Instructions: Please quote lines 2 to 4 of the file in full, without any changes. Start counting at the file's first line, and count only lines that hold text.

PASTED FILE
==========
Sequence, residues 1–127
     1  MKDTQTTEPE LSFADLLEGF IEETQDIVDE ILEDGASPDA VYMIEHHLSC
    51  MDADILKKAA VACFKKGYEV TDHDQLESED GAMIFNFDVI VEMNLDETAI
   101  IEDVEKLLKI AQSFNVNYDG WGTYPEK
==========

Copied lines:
     1  MKDTQTTEPE LSFADLLEGF IEETQDIVDE ILEDGASPDA VYMIEHHLSC
    51  MDADILKKAA VACFKKGYEV TDHDQLESED GAMIFNFDVI VEMNLDETAI
   101  IEDVEKLLKI AQSFNVNYDG WGTYPEK